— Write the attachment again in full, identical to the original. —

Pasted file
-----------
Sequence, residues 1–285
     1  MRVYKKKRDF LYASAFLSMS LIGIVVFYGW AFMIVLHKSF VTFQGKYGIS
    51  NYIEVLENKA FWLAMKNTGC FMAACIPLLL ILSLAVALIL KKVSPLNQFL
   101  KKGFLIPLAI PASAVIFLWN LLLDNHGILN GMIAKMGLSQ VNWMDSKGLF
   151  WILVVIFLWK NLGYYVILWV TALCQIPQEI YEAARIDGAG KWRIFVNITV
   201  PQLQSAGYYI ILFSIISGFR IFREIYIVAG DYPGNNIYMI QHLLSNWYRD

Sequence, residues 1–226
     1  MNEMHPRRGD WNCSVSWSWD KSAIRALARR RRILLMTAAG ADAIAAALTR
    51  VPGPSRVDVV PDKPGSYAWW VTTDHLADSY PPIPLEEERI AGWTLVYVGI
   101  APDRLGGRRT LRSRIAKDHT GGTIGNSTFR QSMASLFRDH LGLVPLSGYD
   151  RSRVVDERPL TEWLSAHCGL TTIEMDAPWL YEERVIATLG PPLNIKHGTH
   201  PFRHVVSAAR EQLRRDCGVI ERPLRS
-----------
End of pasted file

Sequence, residues 1–285
     1  MRVYKKKRDF LYASAFLSMS LIGIVVFYGW AFMIVLHKSF VTFQGKYGIS
    51  NYIEVLENKA FWLAMKNTGC FMAACIPLLL ILSLAVALIL KKVSPLNQFL
   101  KKGFLIPLAI PASAVIFLWN LLLDNHGILN GMIAKMGLSQ VNWMDSKGLF
   151  WILVVIFLWK NLGYYVILWV TALCQIPQEI YEAARIDGAG KWRIFVNITV
   201  PQLQSAGYYI ILFSIISGFR IFREIYIVAG DYPGNNIYMI QHLLSNWYRD

Sequence, residues 1–226
     1  MNEMHPRRGD WNCSVSWSWD KSAIRALARR RRILLMTAAG ADAIAAALTR
    51  VPGPSRVDVV PDKPGSYAWW VTTDHLADSY PPIPLEEERI AGWTLVYVGI
   101  APDRLGGRRT LRSRIAKDHT GGTIGNSTFR QSMASLFRDH LGLVPLSGYD
   151  RSRVVDERPL TEWLSAHCGL TTIEMDAPWL YEERVIATLG PPLNIKHGTH
   201  PFRHVVSAAR EQLRRDCGVI ERPLRS